Sunday, March 24, 2013
Cult-TV Blogging: Star Blazers (1979) Episode #4
In this episode of Star Blazers (1979), the great ship Argo tests its wave motion engine for the first time.
In the Central Strategy Room, Captain Avatar and his top crew strategize for space warp, described aptly in the dialogue as a “giant step across space.” The problem, as everyone realizes is that if calculations are wrong by even a degree, the Argo could become lost forever in the corridors of the “fourth dimension.”
The region selected for the Argo’s first jump is “Area 14,” a span of territory between the Moon and Mars. Alas, a Gamilon carrier approaches the Argo as it nears those coordinates, and Derek Wildstar launches a squadron of Argo’s small fighters to intercept it. One ship -- Conroy’s – nearly doesn’t make it back in time to join the Argo.
The Argo succeeds on the jump, and reaches Mars in a matter of seconds. Unfortunately, the ship is badly damaged in the jump, and the crew must undertake repairs before the Gamilons can locate the battleship and resume their bombardment.
Only 362 days remain until Earth will be destroyed…
Between this episode and the next, The Argo is getting a shakedown of sorts. The engine is tested here at space warp capacity, and the follow-up episode involves the first deployment of the wave motion gun.
Much of this episode consists of building tension in terms of the first space warp jump. Mark Venture is understandably concerned and anxious, since he is Argo’s navigator, plotting the vessel’s trajectory through space/ time. More suspense arises when Conroy is almost left behind as the countdown to space warp ticks down. My friend SGB has written before in the comments about the “emotional component” of Star Blazers, and this scene certainly fits the bill. Once again, as viewers we are asked to contemplate the notions of duty and sacrifice in the service of a greater good. Captain Avatar is prepared to leave a man behind because the consequences of mission failure are, literally, global.
All these moments work well, and the moment of space warp doesn’t disappoint, either. The episode cuts to a trippy montage of the ship crossing planes of existence, it seems. Images of the ship in flight double and triple, and the Argo even seems to travel through the corridors of time…where it briefly meets itself. It’s a pseudo-2001 visual “trip,” and as such, awesomely psychedelic.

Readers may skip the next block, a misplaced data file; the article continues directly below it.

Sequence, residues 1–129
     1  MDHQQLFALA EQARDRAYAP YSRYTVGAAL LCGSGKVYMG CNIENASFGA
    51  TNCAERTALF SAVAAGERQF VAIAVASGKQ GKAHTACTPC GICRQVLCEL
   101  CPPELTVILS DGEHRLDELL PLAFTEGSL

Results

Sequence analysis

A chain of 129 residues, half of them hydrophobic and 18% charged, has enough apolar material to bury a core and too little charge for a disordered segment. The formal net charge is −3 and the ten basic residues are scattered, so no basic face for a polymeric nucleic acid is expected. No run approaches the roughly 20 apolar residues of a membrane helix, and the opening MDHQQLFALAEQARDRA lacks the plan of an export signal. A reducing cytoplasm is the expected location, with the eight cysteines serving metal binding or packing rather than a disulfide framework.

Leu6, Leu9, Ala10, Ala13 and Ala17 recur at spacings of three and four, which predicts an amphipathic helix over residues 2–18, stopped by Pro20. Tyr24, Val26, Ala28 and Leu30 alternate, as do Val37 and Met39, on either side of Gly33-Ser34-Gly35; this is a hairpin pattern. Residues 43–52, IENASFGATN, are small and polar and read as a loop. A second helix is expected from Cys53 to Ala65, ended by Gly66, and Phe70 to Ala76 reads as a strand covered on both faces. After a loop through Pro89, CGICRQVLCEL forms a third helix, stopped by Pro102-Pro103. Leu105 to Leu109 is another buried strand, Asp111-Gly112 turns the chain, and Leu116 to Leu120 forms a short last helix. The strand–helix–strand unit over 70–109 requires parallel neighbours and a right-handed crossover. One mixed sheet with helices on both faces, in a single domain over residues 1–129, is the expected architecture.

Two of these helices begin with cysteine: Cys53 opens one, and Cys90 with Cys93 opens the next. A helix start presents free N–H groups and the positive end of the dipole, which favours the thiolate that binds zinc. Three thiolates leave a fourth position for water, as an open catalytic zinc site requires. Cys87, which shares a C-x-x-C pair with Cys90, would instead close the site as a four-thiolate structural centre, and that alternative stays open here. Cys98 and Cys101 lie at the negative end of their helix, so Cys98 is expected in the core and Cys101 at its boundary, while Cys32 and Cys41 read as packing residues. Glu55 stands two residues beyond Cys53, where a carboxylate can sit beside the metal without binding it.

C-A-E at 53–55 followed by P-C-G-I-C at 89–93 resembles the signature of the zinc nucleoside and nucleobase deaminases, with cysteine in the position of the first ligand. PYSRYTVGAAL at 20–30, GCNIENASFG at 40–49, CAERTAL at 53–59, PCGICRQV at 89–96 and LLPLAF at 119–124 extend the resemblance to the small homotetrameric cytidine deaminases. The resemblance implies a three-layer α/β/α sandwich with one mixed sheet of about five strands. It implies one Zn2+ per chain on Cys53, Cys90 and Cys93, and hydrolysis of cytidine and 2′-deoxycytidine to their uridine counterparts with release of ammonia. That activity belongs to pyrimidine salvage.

Less satisfactory, however, are the exact details of the space warp. It is reported in the dialogue that “thousands of light years” are traversed in a matter of moments, but the Argo bafflingly emerges near (a snowy) planet Mars. On average – because both it and the Earth move -- Mars is some 225 million kilometers distant from our world. A light year is approximately 9.4605284 x 1012 kilometers in distance, so the Argo hardly jumped at all.
In fact, it didn’t even jump one light year, let alone thousands, if Mars was its destination.
Now, I am not at all a person who believes that science fiction programs must be entirely scientifically accurate to be enjoyable. In some sense, a focus on scientific accuracy over drama can take the fun and imagination out of certain narratives. But, there should be some surface attention paid to scientific accuracy. In other words -- just on a general level – I know that Mars is not a light year distant, let alone thousands of light years distant.
I wonder if the original Japanese series made this error in science, or if it was an error in translation to English. In other words, I wonder if in the Japanese original, the planet the Argo jumps to is not actually Mars, but rather one much more distant and far outside the solar system.
Regardless, this is a jarring mistake that raises many distracting questions. And that, generally speaking, is my threshold of tolerance. I’m willing to let pass a lot in the name of entertainment and imagination -- I’m a die-hard Space: 1999 fan, after all -- but what does appear on screen generally shouldn’t be so amiss that it actually distracts from the narrative.
What makes the mistake worse is that in the follow-up episode, Argo travels from Mars to Jupiter in a matter of minutes without using the wave motion star drive. The distance from Mars to Jupiter is approximately 3.18 AU or 419 million kilometers, which is greater than the distance between Earth and Mars.
So basically the Argo space warps to travel a shorter distance (Earth to Mars) and conventional engines to traverse a longer one (Mars to Jupiter). Again, I ain’t a science expert, but I know enough about space to be distracted by all this.
Despite the goof, I still have “faith” in what Star Blazers is “doing,” to borrow a line from Derek Wildstar. In particular, I’m enjoying the series as momentum builds, and the Argo passes one crucial test after the next as it begins its long journey.